Sunday, 6 April 2014

John Miller - brown

Now We’re Big Potatoes, 1992

Born in 1954 in Cleveland, John Miller is a Conceptual artist who is inspired by a corrupted pop-cultural aesthetic. He is best known for his "John Miller brown" sculptures, as well as his more recent assemblages of trash and found objects covered in gold leaf. Miller lives between Berlin and New York, where he teaches at Columbia University. His work was included in the 1985 and 1991 Whitney Biennials, and he has had solo exhibitions at Metro Pictures in New York, Tokyo's Center for Contemporary Art, and MoMA PS1.

Salute, 1990

In the 1980s, Miller became notorious for his works that liberally employed a shit-brown acrylic paint. The brown paint covered and unified the various objects and materials that constituted his paintings, assemblages, reliefs, and sculptures. So much did the substance come to unify and symbolize his oeuvre that “John Miller Brown” or “J.M.B.” became a trademark of sorts. As Bataille’s bassesse countered Breton’s high-flying optimism, so J.M.B. might be understood as a materialist antidote to the I.K.B. or “International Klein Blue” of Yves Klein’s cosmic monochromes.
Roy Arden 

These Foolish Things, 1990

The American artist John Miller is often mentioned in the same breath as his contemporaries – such as Mike Kelley, Tony Oursler, Stephen Prina and Jim Shaw – though his place within this generation is, on the whole, much less acknowledged than that of his peers.

The human desires that can be submerged within the banal are also the theme of Miller’s sculptures and reliefs assembled from found objects on panels and coated with a thick paste-like layer of paint. In recent years, the artist’s signature paint colour, ‘John Miller brown’ (a term coined by critic Peter Schjeldahl in 1990), for which he became widely known in the 1990s, has been partly replaced by imitation gold leaf. Evoking Freudian associations with excrement and money respectively, the brown and gold objects create a strange contradiction: because the mass of shells, swords and shoes are rendered amorphous, we’re compelled to focus on their forms rather than their functions.
Felicity Lunn

Scatological humor is probably as old as culture itself--but in art of the '80s and early '90s, jokes about excrement proliferated, provoking a lot of nervous laughter. RUN FROM FEAR/FUN FROM REAR--that's one of the ways Bruce Nauman put it. He also paired clowns and toilets to flush out the complexities of pleasure, pain, and self-consciousness that rim the act of evacuation. Remember Mike Kelley's 1987 felt banner that blared PANTS SHITTER AND PROUD P.S. JERK OFF TOO, or the video Heidi, 1992, made with Paul McCarthy, that featured sausage turds and a sustained involvement with defecation? McCarthy's performances take us to the compacted core of identification with disgust that, in turn, is linked with creativity. At this juncture, we find ourselves at the deep end of theory.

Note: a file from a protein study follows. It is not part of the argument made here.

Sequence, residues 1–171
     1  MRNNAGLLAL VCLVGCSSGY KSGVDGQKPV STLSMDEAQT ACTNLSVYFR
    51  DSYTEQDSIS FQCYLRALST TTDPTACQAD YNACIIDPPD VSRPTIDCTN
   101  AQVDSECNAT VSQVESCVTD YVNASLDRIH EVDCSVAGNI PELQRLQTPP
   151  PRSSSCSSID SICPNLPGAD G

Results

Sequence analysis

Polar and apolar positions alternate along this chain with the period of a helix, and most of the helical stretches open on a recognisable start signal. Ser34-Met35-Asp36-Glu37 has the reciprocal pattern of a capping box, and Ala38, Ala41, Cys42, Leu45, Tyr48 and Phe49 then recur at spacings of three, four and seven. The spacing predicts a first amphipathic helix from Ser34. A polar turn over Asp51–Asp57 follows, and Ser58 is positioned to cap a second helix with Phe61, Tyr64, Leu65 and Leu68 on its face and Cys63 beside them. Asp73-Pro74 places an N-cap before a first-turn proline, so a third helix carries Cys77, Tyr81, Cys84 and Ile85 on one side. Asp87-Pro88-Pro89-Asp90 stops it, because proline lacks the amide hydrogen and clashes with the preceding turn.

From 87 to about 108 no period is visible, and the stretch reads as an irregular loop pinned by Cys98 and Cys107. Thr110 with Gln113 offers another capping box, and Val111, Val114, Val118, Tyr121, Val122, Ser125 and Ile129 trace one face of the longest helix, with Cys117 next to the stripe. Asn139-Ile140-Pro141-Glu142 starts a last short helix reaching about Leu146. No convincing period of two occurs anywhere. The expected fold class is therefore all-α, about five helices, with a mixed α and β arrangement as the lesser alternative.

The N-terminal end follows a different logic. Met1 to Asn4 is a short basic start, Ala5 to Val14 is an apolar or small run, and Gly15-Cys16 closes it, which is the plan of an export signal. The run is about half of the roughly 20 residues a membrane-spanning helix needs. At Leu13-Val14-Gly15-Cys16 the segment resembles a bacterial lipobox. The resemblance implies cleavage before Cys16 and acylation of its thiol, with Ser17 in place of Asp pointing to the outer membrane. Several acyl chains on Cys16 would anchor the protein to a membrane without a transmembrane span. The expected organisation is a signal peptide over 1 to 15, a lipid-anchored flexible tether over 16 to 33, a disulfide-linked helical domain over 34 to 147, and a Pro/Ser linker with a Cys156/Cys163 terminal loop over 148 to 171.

Given the climate of angst and obsession that percolates in the art of his colleagues, John Miller's world of brown impasto paintings, reliefs, and sculptures, produced from 1985 to 1994, pop into view as disarmingly happy and full of hilarity. At a safe distance from the emotional spectrum of humiliation, Miller's works resonate at the level of child's play. The body itself, particularly the adult body, with its baggage of psychic wounds and scars, seems to be long gone, apparently the victim of a tidal wave of brown that's mucked everything up, as in Restless Stillness, 1991, which features the remains of a body felled and, Pompeii style, petrified by the stultifying ooze. Presented in a six-foot slab of the hardened crap that looks as if it were cut from a larger debris field, this flashback to utter destruction delivers a vicarious thrill.

Twenty years ago, Miller's work (and the idea of abjection in general) was grounded in theories of late capitalism and could be read as a critique of mass culture and the institutionalization of art--indeed, Miller was among the leading theorists in the art world of the first polemical wave of postmodernism. We may continue to read discourses of disenfranchisement in his work, but today concerns are quite different. Rather than expose the insidious dimensions of commodification, the bent and boom of contemporary art leans in the direction of "youth culture." Hand-made, highly crafted, but kind of crappy, quirky, funny, messy, juvenile, and favoring the goth--the formal aspects of art invested in one way or another with adolescence or childhood show a remarkable affinity with Miller's vintage work. What have kids and critique got to do with one another? On the basis of Miller's brown art, and its generational recontextualization, the question has officially been opened for discussion.
Jan Avgikos

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